Going by the Numbers

The biggest factor in determining your loan rate is going to be a combination of your credit and your finances. This is where the make, model and year of your car come into play the most. The bank will look at your finances against what you are paying for the car when determining the rate of your loan. If your debt-to-interest ratio is too high or your credit score too low, you will likely suffer with a higher rate.

What this means is that buying a newer, more expensive car will almost always garner you a higher rate unless your credit is stellar. With less-than-perfect credit, consider a few compromises. A few less features and a car that is a year or two old can make all the difference.

If you have less than perfect credit and need help securing an auto loan, check out our informational page and get in touch with us today. We can get you into the car you need.


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The Secret to Getting a Low-Rate Car Loan

blog_Secret-To-Low-Rate-CarHave you ever wished that you could get rid of your junker and afford a brand new vehicle at an affordable loan rate? You are not alone. Many people wonder how they can get their hands on a low-rate car loan and start driving the vehicle of their dreams. The truth is, there are basic steps you can take to make it happen, but it requires work and diligence on your part. Here’s a look at how you can get a better loan rate the next time you want to buy a new car.

Monitor Your Credit Report

A good low rate car loan is all about credit. This may seem unfortunate, and might seem an insurmountable hurdle, but it is the truth. You can get there if you work at it, though! Start by obtaining a free copy of your credit reports from all three major bureaus. By federal law you are entitled to this without cost. Examine your credit report carefully. Look for errors. You would be surprised how often mistakes crop up. Report and challenge errors with the bureaus, who have to prove the information or remove it. Closing open lines of credit that you don’t use can boost your score by improving debt-to-income ratio. Work on clearing up small black marks. The more you can clear up the better off you’ll be. Do this every year.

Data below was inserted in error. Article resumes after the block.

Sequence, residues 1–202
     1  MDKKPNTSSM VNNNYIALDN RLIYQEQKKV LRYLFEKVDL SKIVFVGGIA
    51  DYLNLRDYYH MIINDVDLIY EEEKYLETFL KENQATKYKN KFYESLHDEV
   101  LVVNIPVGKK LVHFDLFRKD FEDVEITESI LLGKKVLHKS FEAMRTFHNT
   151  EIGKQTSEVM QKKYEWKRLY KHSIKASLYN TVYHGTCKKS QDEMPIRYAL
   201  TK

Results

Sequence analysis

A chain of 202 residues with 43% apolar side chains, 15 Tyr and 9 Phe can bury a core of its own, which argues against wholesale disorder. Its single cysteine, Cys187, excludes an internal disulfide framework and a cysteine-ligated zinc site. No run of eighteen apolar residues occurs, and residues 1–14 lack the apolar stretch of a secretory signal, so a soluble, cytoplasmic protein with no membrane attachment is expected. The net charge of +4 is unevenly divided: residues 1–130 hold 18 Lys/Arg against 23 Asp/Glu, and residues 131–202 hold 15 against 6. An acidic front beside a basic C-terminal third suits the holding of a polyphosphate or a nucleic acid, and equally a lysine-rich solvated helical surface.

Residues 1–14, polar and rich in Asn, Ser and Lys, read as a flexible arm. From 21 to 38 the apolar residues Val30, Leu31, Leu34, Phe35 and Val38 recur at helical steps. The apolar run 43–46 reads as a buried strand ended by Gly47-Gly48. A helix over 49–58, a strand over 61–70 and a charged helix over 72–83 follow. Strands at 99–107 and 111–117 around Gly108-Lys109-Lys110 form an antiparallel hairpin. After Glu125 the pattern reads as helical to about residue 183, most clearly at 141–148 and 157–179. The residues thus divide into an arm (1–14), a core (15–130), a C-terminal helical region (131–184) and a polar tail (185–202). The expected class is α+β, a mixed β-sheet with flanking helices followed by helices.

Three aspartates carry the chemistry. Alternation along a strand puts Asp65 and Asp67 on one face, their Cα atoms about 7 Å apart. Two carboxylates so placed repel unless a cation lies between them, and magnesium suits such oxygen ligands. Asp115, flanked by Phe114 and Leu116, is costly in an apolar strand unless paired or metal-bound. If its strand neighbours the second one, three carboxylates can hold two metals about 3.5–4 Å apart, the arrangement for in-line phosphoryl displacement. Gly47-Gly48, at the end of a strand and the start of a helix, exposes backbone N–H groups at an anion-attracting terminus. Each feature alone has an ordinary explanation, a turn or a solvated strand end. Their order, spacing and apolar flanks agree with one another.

Pay Your Bills

This seems obvious but cannot be overstated. If you have outstanding debt, do everything you can to get rid of it. This is especially true of revolving debt like credit cards. Know the difference between “good” and “bad” debt. Mortgages, student loans and business loans are “good” debt. They show you paying into things of value. Revolving credit like credit cards is bad debt. It is best to clear this from your credit history first. If you have delinquent bills or loans, get current on them and work with your creditors to clear up your credit report. This report is, as previously stated, all-important when it comes to getting the best rate. The more you can get up to date, the better situated you’ll be for a great rate.

Get Prequalified

Shop around with different credit agencies to get prequalified for good rates. This gives you power to negotiate or walk away from unfavorable deals. Work with your bank and credit union to see what’s out there. Be careful, though, not to over-apply, because every application reflects on your credit report and can become a negative mark.

Low Term Loan

The shorter your loan term, the better off you’ll be. Applying for terms of over 60 months shows that you may be looking to buy more than you can afford and you may end up with a less favorable interest rate as a result. Never focus solely on your monthly payment. Focus on the term and total amount of the loan first. If you need a low car loan and your credit is not perfect, we can help. Drop us a line today, and let’s talk!

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Why You Shouldn’t Use All Your Savings to Buy a Car